The real fun of this installment is getting a chance to see how things were before Vetinari took over as patrician and before Vimes overhauled the City Watch. Readers caught glimpses of it in Pratchett's first novels about Vimes, but never knew the whole story.

In "Night Watch," readers get to see younger versions of watchmen Fred Colon and Nobby Nobbs, a Vimes who isn't nearly as savvy and cunning as the current version, watchman Reginald Shoe - before the unfortunate accident that made him a zombie - and a young, but skilled assassin named Havelock Vetinari. Oh, and there's also the birth of a legend, Ankh-Morpork's greatest salesman, "Cut Me Own Throat" Dibbler, who we find out actually got his catch line from Vimes - at least in this timeline.

Time travel stories can be tricky when writers let themselves get bogged down in the "rules." Fortunately, Pratchett throws all that nonsense out the window and just has fun with it. Of course, that's been Pratchett's trademark all along. He approaches everything about the Discworld with an anything goes attitude, and perhaps that's why the series has lasted so long without becoming stale.

Friday, December 20, 2002

Movie review: "The Two Towers"

Being a huge fan of J.R.R. Tolkien's books, it was with more than a little apprehension that I entered the theater this time last year to see the first installment of Peter Jackson's silver screen version of "The Lord of the Rings." But "The Fellowship of the Ring" was so impressive that when I lined up for the opening of "The Lord of the Rings: The Two Towers" on Wednesday, I had nothing but excitement and anticipation.

Apparently I wasn't the only one. After what seemed an interminable wait for the lights to go down, the packed house broke into applause as the trailers began to play. After that, it was off to Tolkien's magical land of Middle-Earth.

For those worried that this one can't live up to the hype, forget about it. If anything, "The Two Towers" outshines its predecessor. It has all of the amazing effects and gorgeous settings, but it injects a healthy dose of action into the mix. The most hardcore Tolkien purists may be disappointed a bit by the trumped-up battle scenes, but no one else will. They're fantastic eye candy and make for some compelling dramatic moments.

Jackson does take a few liberties with the story, but the changes are primarily cosmetic - a slight tweaking of the timing, a few minor scenes removed, a brief continuation of the Arwen/Aragorn thread and the delay of a couple of scenes for the third film due next Christmas. All in all, there was nothing that I really missed, and I'm pretty picky about that sort of thing.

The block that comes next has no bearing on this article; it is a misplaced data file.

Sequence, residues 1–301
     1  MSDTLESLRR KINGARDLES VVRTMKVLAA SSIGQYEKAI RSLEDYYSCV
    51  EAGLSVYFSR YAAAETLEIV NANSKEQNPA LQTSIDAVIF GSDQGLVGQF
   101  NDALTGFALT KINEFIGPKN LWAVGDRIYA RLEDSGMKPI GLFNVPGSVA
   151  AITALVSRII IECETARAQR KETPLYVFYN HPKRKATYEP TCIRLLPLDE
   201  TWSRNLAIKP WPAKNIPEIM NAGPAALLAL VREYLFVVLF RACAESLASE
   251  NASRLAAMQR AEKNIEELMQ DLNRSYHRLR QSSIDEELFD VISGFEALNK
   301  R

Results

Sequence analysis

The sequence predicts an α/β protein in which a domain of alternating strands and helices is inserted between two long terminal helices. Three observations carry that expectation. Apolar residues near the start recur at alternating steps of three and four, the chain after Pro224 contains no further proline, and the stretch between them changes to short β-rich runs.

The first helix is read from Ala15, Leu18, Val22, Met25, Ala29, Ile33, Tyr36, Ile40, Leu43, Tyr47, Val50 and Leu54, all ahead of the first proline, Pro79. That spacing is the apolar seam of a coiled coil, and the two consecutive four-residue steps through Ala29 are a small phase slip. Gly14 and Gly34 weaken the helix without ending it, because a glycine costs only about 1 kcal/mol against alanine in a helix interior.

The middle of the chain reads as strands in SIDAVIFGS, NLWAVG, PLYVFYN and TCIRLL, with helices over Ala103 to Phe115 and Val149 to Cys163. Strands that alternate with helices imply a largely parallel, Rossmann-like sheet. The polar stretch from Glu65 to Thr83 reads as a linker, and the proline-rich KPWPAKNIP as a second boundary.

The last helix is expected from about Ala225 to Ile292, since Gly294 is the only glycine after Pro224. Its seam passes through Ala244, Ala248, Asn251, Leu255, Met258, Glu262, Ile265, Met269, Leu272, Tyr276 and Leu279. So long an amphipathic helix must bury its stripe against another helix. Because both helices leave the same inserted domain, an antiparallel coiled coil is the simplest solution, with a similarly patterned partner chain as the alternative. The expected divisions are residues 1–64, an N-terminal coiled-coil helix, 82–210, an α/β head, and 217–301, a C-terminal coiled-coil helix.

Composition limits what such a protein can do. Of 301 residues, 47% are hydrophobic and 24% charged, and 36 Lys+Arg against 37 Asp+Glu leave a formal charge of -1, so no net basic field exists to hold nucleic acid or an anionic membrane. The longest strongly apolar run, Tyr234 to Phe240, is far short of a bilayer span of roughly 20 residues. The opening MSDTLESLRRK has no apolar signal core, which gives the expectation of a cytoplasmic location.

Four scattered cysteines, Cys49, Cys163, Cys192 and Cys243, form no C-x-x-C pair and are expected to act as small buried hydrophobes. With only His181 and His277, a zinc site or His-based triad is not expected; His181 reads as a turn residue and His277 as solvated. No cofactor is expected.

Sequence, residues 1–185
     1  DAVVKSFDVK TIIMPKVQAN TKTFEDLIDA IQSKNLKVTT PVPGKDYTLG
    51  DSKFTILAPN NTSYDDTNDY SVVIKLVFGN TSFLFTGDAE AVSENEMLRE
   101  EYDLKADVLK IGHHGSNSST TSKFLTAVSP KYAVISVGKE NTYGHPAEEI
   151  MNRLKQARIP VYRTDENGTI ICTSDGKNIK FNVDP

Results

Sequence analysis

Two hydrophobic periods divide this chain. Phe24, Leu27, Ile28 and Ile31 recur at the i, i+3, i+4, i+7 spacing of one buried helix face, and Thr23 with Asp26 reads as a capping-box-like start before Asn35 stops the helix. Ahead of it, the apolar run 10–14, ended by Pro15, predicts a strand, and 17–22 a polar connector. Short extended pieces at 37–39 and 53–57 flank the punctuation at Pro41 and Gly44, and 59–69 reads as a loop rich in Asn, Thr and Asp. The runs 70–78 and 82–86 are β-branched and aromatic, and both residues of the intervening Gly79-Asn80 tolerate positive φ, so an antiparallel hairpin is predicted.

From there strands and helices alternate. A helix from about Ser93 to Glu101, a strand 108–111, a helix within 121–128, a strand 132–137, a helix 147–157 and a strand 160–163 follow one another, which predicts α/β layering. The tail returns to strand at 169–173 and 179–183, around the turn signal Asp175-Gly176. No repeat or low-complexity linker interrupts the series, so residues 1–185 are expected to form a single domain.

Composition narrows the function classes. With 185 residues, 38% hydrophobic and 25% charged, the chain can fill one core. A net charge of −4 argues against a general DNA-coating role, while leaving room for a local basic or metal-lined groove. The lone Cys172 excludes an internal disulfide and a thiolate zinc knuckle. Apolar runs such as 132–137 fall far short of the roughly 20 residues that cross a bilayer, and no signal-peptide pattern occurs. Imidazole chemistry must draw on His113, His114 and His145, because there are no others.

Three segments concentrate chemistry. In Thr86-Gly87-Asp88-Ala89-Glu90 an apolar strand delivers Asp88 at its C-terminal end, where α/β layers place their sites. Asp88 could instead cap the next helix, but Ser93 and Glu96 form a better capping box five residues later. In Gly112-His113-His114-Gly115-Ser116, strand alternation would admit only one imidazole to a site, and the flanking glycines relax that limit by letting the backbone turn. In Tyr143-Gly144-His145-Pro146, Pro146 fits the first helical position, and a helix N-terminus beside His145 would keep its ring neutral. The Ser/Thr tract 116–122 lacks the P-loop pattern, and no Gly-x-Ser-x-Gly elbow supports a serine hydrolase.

If you haven't read the books or seen the first movie, you might want to check it out before going. Like the books, the film version of "The Two Towers" dives right into the action without any backstory, and there's a good chance you could be lost if you're not familiar with the tale.

The movie opens by telling the story of Gandalf's fall from the bridge over Khazad-dum and his ensuing battle with the Balrog. The effects are stunning as the wizard and the computer-generated demon battle while plummeting through the center of the mountain. It also prepares viewers for one of the key twists in the movie, (the wizard's transformation into Gandalf the White.)

From there, the story continues its march to the final showdown with Mordor. With Gollum as guide, Frodo and Sam move along on their journey to Mount Doom with the one ring becoming a greater burden, while battle is joined in the rest of the world. Saruman's forces move against the kingdom of Rohan, while Sauron's armies converge on Gondor in an attempt to crush the human lands between them. The elves are boarding the ships that will take them to the Grey Havens and the dwarves are locked in their mountain halls. It's a bleak picture for the world of Middle-Earth, but despite that there are strong threads of hope and determination running through the movie.

Overall, "The Two Towers" is a very intense film, but Jackson also knows where to provide viewers with a laugh from the dwarf Gimli or one of the hobbits to break the tension.

Jackson's casting continues to be picture perfect, with the choice of Bernard Hill as Theoden, Miranda Otto as Eowyn and Brad Dourif as Grima Wormtongue. Despite the excellent casting, it's a computer-generated character that really steals the show.

Viewers became acquainted with Gollum briefly in "The Fellowship of the Ring," but he takes a larger role in "The Two Towers." We learn that he was once named Smeagol, and there's a particularly impressive sequence as the two distinct personalities emerge and battle for control over the creature. Gollum/Smeagol is the most fully-realized and believable computer-generated character that I've seen, and he was able to draw a wide range of emotions from the packed house in the theater - laughter, pity, disgust and even perhaps a bit of fear.

Of course, there's always a character or creature to look forward to. In "The Fellowship of the Ring," it was the Balrog. In "The Two Towers," it's Treebeard and the Ents. I had nightmares of the great tree-herders looking like the talking trees from "The Wizard of Oz," but Jackson has done a magnificent job of bringing them to life. They're not exactly what I imagined while reading the books, but they're still very impressive.

In truth, there are times in the movie when the viewer knows everything on the screen is computer generated, but it hardly seems to matter. You get caught up in the swirl of the story, and everything is completely believable.